Peripheral blood from healthy donors, HCV-infected patients with F1–F2 liver fibrosis, HCV-infected patients with cirrhosis, patients with HCV-related hepatocellular carcinoma and non-HCV-infected cirrhotics were assessed for B-cell phenotype by flow cytometry. Isolated B-cells were stimulated with anti-CD40 antibodies and TLR9 agonist for assessment of costimulation marker expression, cytokine production, immunoglobulin production and CD4+ T-cell allostimulatory capacity.
CD27+ memory B-cells, and more specifically CD27+IgM+ B-cells, were markedly less frequent in cirrhotic patients independent of HCV infection. Circulating B-cells in cirrhotics were hyporesponsive to CD40/TLR9 activation as characterized by CD70 upregulation, TNFβ secretion, IgG production and T-cell allostimulation. Lastly, blockade of TLR4 and TLR9 signaling abrogated the activation of normal donor B-cells by cirrhotic plasma suggesting a role for bacterial translocation in driving B-cell changes in cirrhosis.
Profound abnormalities in B-cell phenotype and function occur in cirrhosis independent of hepatitis C viral infection. These B-cell defects may explain in part the vaccine hyporesponsiveness and susceptibility to bacterial infection in this population.
PMCID: PMC3245804  PMID: 21932384
hepatitis C; cirrhosis; hepatocellular carcinoma; human; B-cell; CD27; CD40; sCD14; TLR4; TLR9; bacterial translocation
5.  Adherence to Hepatitis C Virus Therapy in HIV/Hepatitis C-Coinfected Patients 
AIDS and behavior  2013;17(1):94-103.
Adherence to hepatitis C virus (HCV) therapy has been incompletely examined among HIV-infected patients. We assessed changes in interferon and ribavirin adherence and evaluated the relationship between adherence and early (EVR) and sustained virologic response (SVR). We performed a cohort study among 333 HIV/HCV-coinfected patients who received pegylated interferon and ribavirin between 2001 and 2006 and had HCV RNA before and after treatment. Adherence was calculated over 12-week intervals using pharmacy refills. Mean interferon and ribavirin adherence declined 2.5 and 4.1 percentage points per 12-week interval, respectively. Among genotype 1/4 patients, EVR increased with higher ribavirin adherence, but this association was less strong for interferon. SVR among these patients was higher with increasing interferon and ribavirin adherence over the first, second, and third, but not fourth, 12-week intervals. Among HIV/HCV patients, EVR and SVR increased with higher interferon and ribavirin adherence. Adherence to both antivirals declined over time, but more so for ribavirin.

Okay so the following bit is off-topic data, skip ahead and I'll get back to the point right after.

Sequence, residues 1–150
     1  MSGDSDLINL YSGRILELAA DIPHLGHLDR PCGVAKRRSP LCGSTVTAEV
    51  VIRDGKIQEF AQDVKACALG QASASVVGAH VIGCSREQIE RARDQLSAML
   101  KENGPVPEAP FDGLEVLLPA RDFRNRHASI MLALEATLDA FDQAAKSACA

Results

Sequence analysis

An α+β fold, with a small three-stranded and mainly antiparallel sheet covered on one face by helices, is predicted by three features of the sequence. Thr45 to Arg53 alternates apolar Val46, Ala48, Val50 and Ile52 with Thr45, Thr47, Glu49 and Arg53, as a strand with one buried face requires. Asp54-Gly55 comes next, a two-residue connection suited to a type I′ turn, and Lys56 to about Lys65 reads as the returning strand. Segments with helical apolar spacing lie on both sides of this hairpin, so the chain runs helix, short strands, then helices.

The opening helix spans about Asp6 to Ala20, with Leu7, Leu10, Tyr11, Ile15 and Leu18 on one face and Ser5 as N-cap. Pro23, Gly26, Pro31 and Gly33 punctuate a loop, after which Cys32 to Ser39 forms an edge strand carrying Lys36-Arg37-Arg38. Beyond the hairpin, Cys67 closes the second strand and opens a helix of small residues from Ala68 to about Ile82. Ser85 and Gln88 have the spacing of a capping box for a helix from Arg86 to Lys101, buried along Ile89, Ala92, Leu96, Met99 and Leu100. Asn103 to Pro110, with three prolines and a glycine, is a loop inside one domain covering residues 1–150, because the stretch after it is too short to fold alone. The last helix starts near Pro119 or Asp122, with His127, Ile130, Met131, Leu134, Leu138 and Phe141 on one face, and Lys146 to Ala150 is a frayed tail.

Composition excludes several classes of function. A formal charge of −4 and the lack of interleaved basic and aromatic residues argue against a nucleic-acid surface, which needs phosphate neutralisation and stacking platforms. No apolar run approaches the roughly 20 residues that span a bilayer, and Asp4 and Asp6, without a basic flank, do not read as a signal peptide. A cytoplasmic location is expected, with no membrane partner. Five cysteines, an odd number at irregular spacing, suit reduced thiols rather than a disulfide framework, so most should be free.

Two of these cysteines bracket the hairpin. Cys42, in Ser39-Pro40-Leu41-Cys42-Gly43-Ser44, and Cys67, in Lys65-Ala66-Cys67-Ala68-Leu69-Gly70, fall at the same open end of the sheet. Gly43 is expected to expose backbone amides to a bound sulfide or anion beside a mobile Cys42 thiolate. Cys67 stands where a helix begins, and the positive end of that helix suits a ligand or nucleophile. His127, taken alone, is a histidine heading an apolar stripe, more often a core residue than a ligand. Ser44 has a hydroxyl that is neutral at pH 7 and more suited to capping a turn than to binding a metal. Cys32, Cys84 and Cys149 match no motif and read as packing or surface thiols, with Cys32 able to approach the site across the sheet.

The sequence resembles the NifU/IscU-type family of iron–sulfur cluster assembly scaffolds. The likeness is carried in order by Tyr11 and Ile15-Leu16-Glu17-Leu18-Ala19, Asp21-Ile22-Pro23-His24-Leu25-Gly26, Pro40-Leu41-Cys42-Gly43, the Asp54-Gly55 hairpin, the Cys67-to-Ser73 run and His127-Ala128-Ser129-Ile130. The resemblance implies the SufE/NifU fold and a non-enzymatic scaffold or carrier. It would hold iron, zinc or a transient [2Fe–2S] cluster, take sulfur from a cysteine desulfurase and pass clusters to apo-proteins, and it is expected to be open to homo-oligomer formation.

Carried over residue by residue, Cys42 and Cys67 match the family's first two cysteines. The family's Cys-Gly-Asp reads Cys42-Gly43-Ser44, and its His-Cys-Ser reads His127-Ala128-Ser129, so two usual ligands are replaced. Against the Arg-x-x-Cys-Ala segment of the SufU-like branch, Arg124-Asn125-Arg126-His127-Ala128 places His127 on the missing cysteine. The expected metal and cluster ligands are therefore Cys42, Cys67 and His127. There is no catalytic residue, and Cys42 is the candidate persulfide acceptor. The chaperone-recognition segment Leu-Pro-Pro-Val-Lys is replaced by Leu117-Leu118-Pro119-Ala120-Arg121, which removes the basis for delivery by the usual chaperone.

PMCID: PMC3514597  PMID: 22907288
Adherence; hepatitis C virus; HIV; antiviral therapy; pegylated interferon; ribavirin
6.  Relationship between adherence to hepatitis C virus therapy and virologic outcomes: a cohort study 
Annals of Internal Medicine  2011;155(6):353-360.
Adherence to hepatitis C virus (HCV) therapy with pegylated interferon and ribavirin has been incompletely examined.
To evaluate the relationship between adherence to HCV therapy and early and sustained virologic response, assess changes in adherence over time, and examine risk factors for non-adherence.
Retrospective cohort study.
National Veterans Affairs Hepatitis C Clinical Case Registry
5,706 HCV-infected patients (genotypes 1, 2, 3, or 4) with at least one prescription for pegylated interferon and ribavirin between 2003 and 2006 and HCV RNA results prior to and after treatment initiation.
Adherence was calculated over 12-week intervals using pharmacy refill data. Endpoints included early virologic response (decrease of ≥2 log10 HCV RNA at 12 weeks) and sustained virologic response (undetectable HCV RNA 24 weeks after end of treatment).
Early virologic response increased with higher levels of ribavirin adherence over the initial 12 weeks of therapy (genotype 1, 4: 25/68 [37%] with the lowest category [≤40% adherence] versus 1,367/2,187 [63%] with the highest category [91–100% adherence], p<0.001; genotype 2, 3: 12/18 [67%] with ≤40% adherence versus 651/713 [91%] with 91–100% adherence, p<0.001). Among genotype 1 and 4 patients, sustained response increased with higher ribavirin adherence over the second, third, and fourth 12-week intervals. Results were similar for interferon adherence. Mean adherence to interferon and ribavirin decreased 3.4% and 6.6% per 12-week interval, respectively (test for trend, p<0.001 for each drug). Patients prescribed growth factors or thyroid medications during treatment had higher mean antiviral adherence.
Observational study without standardized timing for outcomes measurements.
Early and sustained virologic responses increased with higher levels of adherence to interferon and ribavirin. Adherence to both antivirals declined over time, but more so for ribavirin.
PMCID: PMC3366635  PMID: 21930852